The Education Department will be studying the discussions and recommendations that came out of a conference that has laid the ground work for sexuality to be part of the curriculum for children starting grade R (reception grade, prior to grade 1) next year.

The three day conference on the theme, “Protecting the Right to Innocence”, looked at broad issues around sexuality including sexual violence and abuse, youth culture, sex work and pornography among other topics.

Discussions at the conference – attended by traditional and religious leaders as well as education professionals and NGOs – have begun the process of formulating an appropriate response to unacceptably high levels of abuse, sexual violence and HIV infection in schools.

It closed on a positive and upbeat note with a commitment to working in a way that unites people rather than looking at exclusive issues like race and culture. In closing the conference, Minister of Education Kader Asmal said that government had shown it had a crucial role to play in the process and the momentum would have to be maintained.

The education department will be publishing the conference proceedings and studying the resolutions in order to draw up a national plan of action and guidelines on how sexuality education will be taught, who will teach it and when it will be taught.

An important realisation that came out of the conference was that the problems relating to sexuality in schools did not require more legislation because there were already laws in place but many of them are not used properly.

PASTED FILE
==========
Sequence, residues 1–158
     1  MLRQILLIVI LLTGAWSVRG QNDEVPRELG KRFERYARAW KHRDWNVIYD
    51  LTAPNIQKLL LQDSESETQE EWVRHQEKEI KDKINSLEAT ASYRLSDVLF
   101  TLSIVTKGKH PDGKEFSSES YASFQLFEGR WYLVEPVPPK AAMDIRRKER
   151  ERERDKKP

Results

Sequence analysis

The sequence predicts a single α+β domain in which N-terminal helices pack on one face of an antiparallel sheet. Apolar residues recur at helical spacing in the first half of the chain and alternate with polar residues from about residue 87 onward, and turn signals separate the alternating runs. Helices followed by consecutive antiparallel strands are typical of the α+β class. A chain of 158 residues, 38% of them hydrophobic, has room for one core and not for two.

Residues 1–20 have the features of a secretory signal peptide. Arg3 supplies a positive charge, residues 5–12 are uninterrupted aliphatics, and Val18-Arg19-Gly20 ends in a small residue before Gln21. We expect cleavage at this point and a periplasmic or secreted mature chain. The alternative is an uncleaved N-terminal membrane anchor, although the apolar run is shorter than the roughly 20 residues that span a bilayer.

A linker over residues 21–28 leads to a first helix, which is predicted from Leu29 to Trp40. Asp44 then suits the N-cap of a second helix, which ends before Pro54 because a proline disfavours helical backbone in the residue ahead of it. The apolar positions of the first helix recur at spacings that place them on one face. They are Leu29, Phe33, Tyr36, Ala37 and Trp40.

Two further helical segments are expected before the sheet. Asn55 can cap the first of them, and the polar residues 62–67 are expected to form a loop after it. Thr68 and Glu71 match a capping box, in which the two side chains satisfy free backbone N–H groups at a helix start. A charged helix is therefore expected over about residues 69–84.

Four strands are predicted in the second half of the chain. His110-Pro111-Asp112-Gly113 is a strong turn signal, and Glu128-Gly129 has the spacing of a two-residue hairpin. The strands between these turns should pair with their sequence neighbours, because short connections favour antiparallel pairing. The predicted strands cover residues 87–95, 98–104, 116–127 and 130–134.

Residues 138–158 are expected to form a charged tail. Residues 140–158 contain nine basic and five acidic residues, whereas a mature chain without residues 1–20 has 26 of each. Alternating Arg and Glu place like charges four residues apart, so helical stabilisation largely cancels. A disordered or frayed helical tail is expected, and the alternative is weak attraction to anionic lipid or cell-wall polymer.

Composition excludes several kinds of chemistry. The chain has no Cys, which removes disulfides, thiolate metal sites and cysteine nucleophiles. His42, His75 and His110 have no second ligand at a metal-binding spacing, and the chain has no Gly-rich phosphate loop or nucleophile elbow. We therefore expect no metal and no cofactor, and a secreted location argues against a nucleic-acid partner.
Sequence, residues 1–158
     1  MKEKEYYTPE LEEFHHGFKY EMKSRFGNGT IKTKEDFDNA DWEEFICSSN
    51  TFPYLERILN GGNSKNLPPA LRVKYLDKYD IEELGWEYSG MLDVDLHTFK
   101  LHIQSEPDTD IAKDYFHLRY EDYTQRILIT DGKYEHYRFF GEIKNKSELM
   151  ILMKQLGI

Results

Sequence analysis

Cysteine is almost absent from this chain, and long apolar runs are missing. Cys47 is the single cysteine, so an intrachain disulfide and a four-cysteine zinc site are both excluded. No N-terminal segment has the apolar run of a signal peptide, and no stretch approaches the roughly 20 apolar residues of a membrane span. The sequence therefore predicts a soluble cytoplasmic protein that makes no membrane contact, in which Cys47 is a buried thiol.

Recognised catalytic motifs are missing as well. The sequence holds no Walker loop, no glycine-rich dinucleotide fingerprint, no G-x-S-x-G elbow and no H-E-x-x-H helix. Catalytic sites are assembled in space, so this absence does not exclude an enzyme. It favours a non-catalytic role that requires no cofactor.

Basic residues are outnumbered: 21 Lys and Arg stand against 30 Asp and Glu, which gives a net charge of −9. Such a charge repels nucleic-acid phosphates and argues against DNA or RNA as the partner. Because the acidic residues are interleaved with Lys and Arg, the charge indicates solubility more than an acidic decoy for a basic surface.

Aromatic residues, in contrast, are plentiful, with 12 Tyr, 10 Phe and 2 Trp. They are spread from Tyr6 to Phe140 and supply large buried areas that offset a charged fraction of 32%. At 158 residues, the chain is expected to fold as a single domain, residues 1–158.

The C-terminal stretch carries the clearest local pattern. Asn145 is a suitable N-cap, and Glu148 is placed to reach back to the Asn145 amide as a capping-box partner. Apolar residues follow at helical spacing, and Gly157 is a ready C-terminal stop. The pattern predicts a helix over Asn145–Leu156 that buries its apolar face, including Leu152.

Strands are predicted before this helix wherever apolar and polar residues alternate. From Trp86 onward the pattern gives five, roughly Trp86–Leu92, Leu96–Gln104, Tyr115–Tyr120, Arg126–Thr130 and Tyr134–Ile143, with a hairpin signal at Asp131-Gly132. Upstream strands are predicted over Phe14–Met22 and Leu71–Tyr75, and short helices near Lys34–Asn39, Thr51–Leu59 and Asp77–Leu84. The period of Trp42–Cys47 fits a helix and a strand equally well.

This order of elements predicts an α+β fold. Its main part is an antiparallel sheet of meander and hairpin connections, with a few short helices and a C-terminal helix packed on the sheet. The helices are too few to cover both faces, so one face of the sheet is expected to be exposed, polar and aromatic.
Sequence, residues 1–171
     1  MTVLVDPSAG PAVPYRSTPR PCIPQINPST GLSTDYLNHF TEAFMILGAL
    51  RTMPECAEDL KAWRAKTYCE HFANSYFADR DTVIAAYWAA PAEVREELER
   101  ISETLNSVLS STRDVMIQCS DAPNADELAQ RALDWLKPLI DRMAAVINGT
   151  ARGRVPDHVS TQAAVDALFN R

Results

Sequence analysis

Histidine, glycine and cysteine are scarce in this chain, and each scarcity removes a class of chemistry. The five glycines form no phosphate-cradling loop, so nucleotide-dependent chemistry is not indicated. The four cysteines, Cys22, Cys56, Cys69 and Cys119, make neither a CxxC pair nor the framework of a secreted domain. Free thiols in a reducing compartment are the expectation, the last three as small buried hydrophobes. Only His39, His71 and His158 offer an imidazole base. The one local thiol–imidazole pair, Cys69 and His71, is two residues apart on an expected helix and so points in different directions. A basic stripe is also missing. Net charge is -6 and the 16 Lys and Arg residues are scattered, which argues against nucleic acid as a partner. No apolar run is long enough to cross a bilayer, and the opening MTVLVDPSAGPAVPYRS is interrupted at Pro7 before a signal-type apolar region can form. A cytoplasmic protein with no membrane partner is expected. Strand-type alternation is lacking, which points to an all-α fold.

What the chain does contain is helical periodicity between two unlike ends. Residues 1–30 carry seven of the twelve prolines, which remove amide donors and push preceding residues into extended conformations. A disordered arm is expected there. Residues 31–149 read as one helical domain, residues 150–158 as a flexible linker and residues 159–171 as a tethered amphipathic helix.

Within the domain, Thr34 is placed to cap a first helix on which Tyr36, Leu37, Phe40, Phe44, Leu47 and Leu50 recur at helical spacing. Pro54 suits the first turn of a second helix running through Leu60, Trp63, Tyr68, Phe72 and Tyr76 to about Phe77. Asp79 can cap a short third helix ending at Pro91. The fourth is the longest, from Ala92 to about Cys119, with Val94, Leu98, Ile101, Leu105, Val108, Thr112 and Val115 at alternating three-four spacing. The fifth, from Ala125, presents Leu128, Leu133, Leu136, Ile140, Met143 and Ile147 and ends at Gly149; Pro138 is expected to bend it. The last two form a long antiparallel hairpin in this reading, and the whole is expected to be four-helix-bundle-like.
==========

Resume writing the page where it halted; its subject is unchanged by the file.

“We changed the Schools Act to make it easier to dismiss people but this is not being used by the provinces,” said Asmal.

Asmal said that an important consideration was the increase in the flow of information. He pointed out that he had only just become aware of the life skills produced by the organisation Soul City. He praised the quality of their materials saying that there needed to be much stronger partnerships between government and NGOs and better communication between different levels of government.

Asmal said the education department could not do it alone and he called for closer ties with communities, traditional leaders, healers and faith organisations. “We are looking for greater initiative from the churches, they should not be hiding behind formula,” he said.